Hi Folks, I have included the CDOJ standards below. Been havingÂ a lot of questions regarding this from callers so I thought it best beÂ put in the blog for Valuesafes.com If anyone gets more confused feel free to call me. If you have a gun safe and would like to know if it meets CDOJ standards feel free to email me as well with the model and make of your gun safe.Â The year you bought the safe would be helpfull in some cases.Â Thanks, Zack
BURGLARY & GUN SAFES:
California Department of Justice Burglary Rating (CDOJ)
Regulatory Gun Safe StandardsDOJ regulatory standards require a gun safe to meet either:
All of the following requirements:
Shall have a locking system consisting of at minimum a mechanical or electronic combination lock. The mechanical or electronic combination lock utilized by the safe shall have at least 10,000 possible combinations consisting of a minimum three numbers, letters, or symbols. The lock shall be protected by a case-hardened (Rc 60+) drill-resistant steel plate, or drill-resistant material of equivalent strength.
Boltwork shall consist of a minimum of three steel locking bolts of at least Â½ inch thickness that intrude from the door of the safe into the body of the safe or from the body of the safe into the door of the safe, which are operated by a separate handle and secured by the lock.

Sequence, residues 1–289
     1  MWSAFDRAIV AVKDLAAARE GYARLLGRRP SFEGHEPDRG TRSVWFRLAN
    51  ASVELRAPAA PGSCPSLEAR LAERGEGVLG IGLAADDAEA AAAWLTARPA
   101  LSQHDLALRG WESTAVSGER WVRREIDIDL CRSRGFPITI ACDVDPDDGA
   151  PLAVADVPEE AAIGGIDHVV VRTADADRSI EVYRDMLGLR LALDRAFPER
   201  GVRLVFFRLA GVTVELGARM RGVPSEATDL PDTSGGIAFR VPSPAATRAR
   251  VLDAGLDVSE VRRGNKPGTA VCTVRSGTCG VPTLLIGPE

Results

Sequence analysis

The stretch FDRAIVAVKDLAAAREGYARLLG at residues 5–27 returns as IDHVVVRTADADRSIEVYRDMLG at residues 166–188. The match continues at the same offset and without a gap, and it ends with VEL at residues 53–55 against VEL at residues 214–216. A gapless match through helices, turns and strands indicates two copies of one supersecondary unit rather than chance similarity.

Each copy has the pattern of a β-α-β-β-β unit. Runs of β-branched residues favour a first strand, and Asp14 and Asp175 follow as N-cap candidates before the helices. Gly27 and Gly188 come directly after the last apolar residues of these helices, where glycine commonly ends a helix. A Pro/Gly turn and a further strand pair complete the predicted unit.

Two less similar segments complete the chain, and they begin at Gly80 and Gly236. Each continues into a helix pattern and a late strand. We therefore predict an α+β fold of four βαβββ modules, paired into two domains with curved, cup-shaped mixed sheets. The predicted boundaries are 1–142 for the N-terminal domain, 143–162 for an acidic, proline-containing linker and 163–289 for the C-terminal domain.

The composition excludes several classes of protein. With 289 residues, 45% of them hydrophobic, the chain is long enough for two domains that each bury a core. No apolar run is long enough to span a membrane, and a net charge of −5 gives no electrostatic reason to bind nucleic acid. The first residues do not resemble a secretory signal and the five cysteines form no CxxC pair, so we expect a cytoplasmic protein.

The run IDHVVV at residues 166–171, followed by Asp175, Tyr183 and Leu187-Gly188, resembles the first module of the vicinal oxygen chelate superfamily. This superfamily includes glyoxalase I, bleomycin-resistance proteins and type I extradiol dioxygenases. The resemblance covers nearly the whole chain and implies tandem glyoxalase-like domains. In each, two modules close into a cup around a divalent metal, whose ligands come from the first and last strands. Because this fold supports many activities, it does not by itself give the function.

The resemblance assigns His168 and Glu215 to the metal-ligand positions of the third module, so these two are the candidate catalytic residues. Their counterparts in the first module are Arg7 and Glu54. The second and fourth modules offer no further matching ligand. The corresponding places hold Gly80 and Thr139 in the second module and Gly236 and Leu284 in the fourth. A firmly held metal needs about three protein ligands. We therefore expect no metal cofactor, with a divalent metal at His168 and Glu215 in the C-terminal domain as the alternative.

Shall be capable of repeated use. The exterior walls shall be constructed of a minimum 12-gauge thick steel for a single-walled safe, or the sum of the steel walls shall add up to at least .100 inches for safes with two walls. Doors shall be constructed of a minimum of two layers of 12-gauge steel, or one layer of 7-gauge steel compound construction.
Door hinges shall be protected to prevent the removal of the door. Protective features include, but are not limited to: hinges not exposed to the outside, interlocking door designs, dead bars, jewelerâ€™s lugs and active or inactive locking bolts.
Is able to fully contain firearms;
Provides for the secure storage of firearms.
Burglar safes are usually made of solid steel plate or a combination of solid steel and composite fill material such as concrete. These safes are divided into categories based on the level of protection delivered and the testing endured. Here we will discuss only seven classes: B-Rate, U.L. RSC Rating, B/C Rate, C-Rate, U.L. TL-15, U.L. TL-30 and TL-30 X6.B-RATE SAFES (ALSO U.L. RSC, RESIDENTIAL SECURITY CONTAINERS): B-Rate is a catchall rating for essentially any box with a lock on it. The safe industry had an unwritten standard of Â¼ inch body, Â½ inch door. As steel prices (and shipping costs) increased manufacturers tried many things to reduce their costs. No tests are given to provide this rating. When buying a B-rate safe, look at things such as lock work, hard plates, and relocks.
U.L. Residential Security Container rating (RSC) – This UL rating is based on testing conducted for a net working time of five minutes, on all sides, with a range of tools. See U.L. TL-15 and TL-30 descriptions below for “net working time” description.
This is a catchall rating for safes with at least a 1/4″ steel body, 1/2 inch door PLUS additional 10 or 12 guage metal layers where composite fire resistant material is also deployed. No tests are given to provide this rating. Look at the lock work, relocks and other features when making your decision.
This is defined as a Â½ inch thick steel box with a 1-inch thick door and a lock. As before, NO tests are given to provide this rating. Look at the lock work, relocks and other features when making your decision.